(Note: horses kept on wet or soft ground will have a more rubbery,
pliant type frog.) When the hoof is weight bearing the frog should be
in ground contact. There should be no slits or crevices in the frog
which would indicate pathologies.
The bulbs of the heels
should be uniform in size and
The photo above shows comments on a REAR hoof. Notice the nice, full
frog and heel. It's evenly shaped on both sides.
The yellow line along the frog crevice show that the line
of the hoof from apex of frog to the sides of the heel bulbs is correct
for a fully functioning barefoot hoof.
You can also see the outline of where the hoof naturally
falls at the toe. This is a rear hoof so the toe is NOT rockered at all
and the overall shape is more oval than the front.
In motion at a walk, the horse should be able
to be clearly viewed as landing HEEL FIRST with no
pronounced "kir-chunking" of the fetlock joint. Long toes on a horse do
not allow for this movement. Toes that are left too long will delay the
breakover and cause the toes to wear down from the underside faster
than the heel will wear down thus causing imbalances that set up a
whole gamut of other issues.
There should be no discoloration of
the sole of the hoof indicating bruising, bleeding or
other injuries. The sole, itself, should be approximately 1/2 -
3/4" thick. With a traditional pasture trim, this sole is generally
pared away leaving minimized protection for the P3. The sole grows at
the rate of about 1/4" a month. Therefore, when a horse's sole is pared
down to less than a 1/4 of an inch, as is frequently the case with
pasture trims, it will take at least 3 months for that sole to grow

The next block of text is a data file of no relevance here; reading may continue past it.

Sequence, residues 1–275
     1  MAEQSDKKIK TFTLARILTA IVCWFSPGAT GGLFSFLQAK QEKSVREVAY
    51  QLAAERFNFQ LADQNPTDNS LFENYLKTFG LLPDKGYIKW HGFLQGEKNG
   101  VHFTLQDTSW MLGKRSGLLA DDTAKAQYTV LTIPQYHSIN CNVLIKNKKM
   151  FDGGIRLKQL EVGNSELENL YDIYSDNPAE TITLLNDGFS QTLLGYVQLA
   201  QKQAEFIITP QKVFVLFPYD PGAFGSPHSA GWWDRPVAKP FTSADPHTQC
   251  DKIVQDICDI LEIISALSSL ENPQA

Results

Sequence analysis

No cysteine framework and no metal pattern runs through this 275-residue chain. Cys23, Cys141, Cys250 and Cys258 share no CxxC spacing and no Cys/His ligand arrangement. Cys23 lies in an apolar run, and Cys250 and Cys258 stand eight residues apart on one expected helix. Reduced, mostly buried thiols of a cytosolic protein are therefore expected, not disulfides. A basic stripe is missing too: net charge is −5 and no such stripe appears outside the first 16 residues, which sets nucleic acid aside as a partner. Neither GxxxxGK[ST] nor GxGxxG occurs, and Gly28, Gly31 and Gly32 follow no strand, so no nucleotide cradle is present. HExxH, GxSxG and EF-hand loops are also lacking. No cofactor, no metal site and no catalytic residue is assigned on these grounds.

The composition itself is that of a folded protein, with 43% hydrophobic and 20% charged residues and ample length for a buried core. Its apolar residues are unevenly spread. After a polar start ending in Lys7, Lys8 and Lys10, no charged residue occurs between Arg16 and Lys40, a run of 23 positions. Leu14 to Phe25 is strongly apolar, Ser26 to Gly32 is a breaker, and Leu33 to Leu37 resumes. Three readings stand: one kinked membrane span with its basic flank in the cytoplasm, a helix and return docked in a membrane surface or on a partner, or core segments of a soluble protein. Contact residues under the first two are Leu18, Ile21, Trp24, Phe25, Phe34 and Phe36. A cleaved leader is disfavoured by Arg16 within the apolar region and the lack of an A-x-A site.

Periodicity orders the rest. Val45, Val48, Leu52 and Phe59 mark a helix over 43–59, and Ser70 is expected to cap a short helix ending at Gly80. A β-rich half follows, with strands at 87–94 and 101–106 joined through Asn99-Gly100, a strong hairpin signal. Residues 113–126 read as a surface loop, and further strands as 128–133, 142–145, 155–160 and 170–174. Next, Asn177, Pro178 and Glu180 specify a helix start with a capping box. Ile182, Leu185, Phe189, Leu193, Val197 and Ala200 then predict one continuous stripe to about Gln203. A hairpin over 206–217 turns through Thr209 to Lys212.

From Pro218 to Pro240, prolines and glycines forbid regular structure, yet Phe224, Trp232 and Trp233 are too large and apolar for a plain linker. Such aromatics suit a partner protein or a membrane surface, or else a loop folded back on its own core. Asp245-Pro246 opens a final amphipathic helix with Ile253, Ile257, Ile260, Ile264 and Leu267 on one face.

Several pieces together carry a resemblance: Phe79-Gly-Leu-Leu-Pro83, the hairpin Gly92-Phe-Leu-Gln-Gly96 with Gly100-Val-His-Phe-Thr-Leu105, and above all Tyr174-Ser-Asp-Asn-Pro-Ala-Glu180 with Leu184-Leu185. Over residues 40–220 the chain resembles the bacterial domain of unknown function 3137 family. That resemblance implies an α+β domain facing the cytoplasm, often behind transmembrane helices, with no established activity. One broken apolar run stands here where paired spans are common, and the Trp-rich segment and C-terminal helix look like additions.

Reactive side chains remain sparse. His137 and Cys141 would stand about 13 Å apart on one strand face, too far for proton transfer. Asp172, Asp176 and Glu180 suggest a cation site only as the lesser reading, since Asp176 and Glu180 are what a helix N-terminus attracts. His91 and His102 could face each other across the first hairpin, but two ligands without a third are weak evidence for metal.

back to full thickness and then another month or two to form a strong,
thick callused protection. One would expect a horse to be tender on the
sole until it is grown back and calloused.
The hooves, in general, should be wide
and suitable for the weight and size of the horse. One can expect
that the hooves may grow 1 - 2 sizes after being de-shod and trimmed
properly for maximum hoof function.
When viewing the hoof "plane" (sole) from
above there should be a flat plane with no ridges, bumps or uneven
plane. The toe should have a neat "rocker" at a 10 to 15 degree angle
from about a thumbs width in front of the frog apex to the outside toe
When viewing from the side, the quarters
should be nicely arched so the hoof ground contact points are clearly
on either side of the toe and at the heels. When standing, one should
be able to slip a piece of paper directly under the toe and then on
either side of the hoof.
The hoof wall should be nicely rolled all the
way around. The extent of the roll will be directly influenced by the
type of ground the horse walks on regularly. Soft ground will not wear
the walls round as much as hard-rocky ground and hooves on soft ground
need more traction to prevent slipping. Hooves on rocky ground will
naturally be "flatter" in the sole than horses that live on soft
HEELS approximately 1/8TH above the
live sole at the buttress.
Individual hooves will vary as to ideal heel height for that individual
horse. This photo shows proper heel length. Notice that while in
a non-weight bearing position the frog is just touching at ground
level. This is excellent. When the horse loads that hoof (steps on it),
the frog will then be touching the ground and bearing the weight of the
step to allow the circulatory pump action of the frog to be effective
as well as allow for maximum shock absorbency and dissipation of